If you use a server like this one where we hosted internal stuff and didn’t have strict change control for a long time I think it is pretty much inevitable that you end up with this sort of configuration quirks. (But that still doesn’t make it right.) But this sort of thing I have noticed before even on serious production servers from third parties (although usually with only 2 versions of CF instead of 3). And this sort of thing is why I always prefer to do upgrades through a full uninstall of the old version and then a fresh installation of the new version. It just helps keeping things clean and it really isn’t that much work. Nowadays I pretty much always work with CF multiserver and then it is just a matter of generating a new EAR file from the CF installer and deleting the old EAR file, but even when I am working with the single server edition it is just a matter of scripting the install through the silent installer and the admin API.

In the ColdFusion Administrator you can configure the logging behaviour to some extend. Where the ColdFusion logfiles are written, whether to log all email messages, long running pages etc. But you can not change the columns or masks for date formatting there, which is unfortunate because the native date mask for the logging is rather ambiguous. On my Dutch locale server the date “04/07/08″ should mean July 4th, but the log entry was written April 7th.

Fortunately, though not exposed in the ColdFusion Administrator, we can change the columns and patterns of the logfile directly in neo-logging.xml. By default, it defines the following pattern for the logging:

<var name="pattern">

If we change the date mask in this pattern to something unambiguous, like the format defined in ISO 8601, we can now process our logfiles using tools written for our own locale:

<var name="pattern">

Obviously you can change even more in the logging if you want, but if you start swapping / removing columns you may discover that the Logfile Reader that is part of the Adobe Extensions for Eclipse won’t work anymore. And like any change to a configuration file, make sure you have a backup before you start and make sure you restart the server once you have made the changes to detect any errors immediately instead of when the server won’t start at 3 AM.

Those who deploy ColdFusion on top of JRun may have noticed that the date mask in the JRun logfiles is even worse. Luckily here too we can configure the mask in a configuration file, jrun.xml:

<attribute name="format">{date yyyy-MM-dd HH:mm:ss} {log.message}{log.exception}</attribute>

The same warnings apply as with the ColdFusion log files.

Today Google released a first Beta of Google Chrome, a new web browser.  Just installing it already showed how Google Chrome is different from other browsers. Since I am always logged on on my laptop as a normal user I right-clicked the installer and choose the “Run as” option and installed it under the Administrator accout. The result was surprising: it didn’t work. No error messages during installation, but I couldn’t get any website to open. After some searching I figured out that Google Chrome installed itself in “%USERPROFILE%\Local Settings\Google\” so you have to install it as the user that is going to use it. So after installing it as myself I could see pages and the fun starts.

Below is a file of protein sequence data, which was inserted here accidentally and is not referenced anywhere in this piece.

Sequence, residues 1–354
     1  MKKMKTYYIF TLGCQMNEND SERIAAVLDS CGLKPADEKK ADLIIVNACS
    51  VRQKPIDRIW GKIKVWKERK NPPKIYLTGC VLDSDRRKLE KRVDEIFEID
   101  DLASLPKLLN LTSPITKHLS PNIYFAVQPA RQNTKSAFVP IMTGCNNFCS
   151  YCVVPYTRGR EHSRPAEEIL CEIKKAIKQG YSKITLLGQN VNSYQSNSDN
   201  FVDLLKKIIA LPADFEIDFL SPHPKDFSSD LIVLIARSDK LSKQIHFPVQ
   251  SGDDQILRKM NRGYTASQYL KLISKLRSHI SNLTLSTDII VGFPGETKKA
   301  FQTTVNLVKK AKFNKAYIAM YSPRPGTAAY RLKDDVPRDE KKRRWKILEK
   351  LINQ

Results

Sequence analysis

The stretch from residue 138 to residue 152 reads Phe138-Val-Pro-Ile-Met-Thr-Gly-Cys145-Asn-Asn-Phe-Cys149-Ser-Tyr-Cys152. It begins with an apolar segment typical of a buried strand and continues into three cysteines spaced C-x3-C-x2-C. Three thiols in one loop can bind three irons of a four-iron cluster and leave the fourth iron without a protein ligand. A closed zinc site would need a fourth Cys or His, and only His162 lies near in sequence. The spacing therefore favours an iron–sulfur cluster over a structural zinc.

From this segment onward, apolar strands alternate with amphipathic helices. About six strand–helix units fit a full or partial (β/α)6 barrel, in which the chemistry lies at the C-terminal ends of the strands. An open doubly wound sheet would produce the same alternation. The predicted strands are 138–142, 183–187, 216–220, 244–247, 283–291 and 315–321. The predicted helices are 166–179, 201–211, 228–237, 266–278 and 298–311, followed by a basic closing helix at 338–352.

One of the touted differences between Chrome and current browsers is that Chrome runs each tab in a separate process and processes are independent and one process will not affect another, even when it crashes. (Reputably the current IE 8 beta has the same feature, but I haven’t tried that yet.) So when you look in the Windows Task Manager you see separate processes for all tabs. With Chrome’s own Task Manager you can see a little bit deeper since you can see which process is which tab, but the real good stuff is in the “Stats for Nerds” which shows detailed information. I have included screenshots of all three below here.

Windows Task Manager view Google Chrome Task Manager Stats for Nerds

The most remarkable thing other then that is how unremarkable Chrome is. It is very unobtrusive with very little chrome and lots of room for content, it feels extremely responsive and it just works. It didn’t ask if I wanted to install the Flash Player, it just worked. I don’t even know if it is embedded or if Chrome borrows the Firefox plugin or something. But since it runs in its own process the memory consumption becomes visible. So I guess pretty soon people will start to look a whole lot closer at the memory consumption of Flex applications.

All in all the first impression is very good. After the installation hurdle it just works and I really like the security / process / memory model (it feels like Unix and specifically like the model of PostgreSQL). And I mean really like it. Now I know I am a bit peculiar in my security habbits / preferences (how many others will have run into the installation issues I did?), but I really take such issues into consideration when I choose tools. And so far Google Chrome is scoring big points.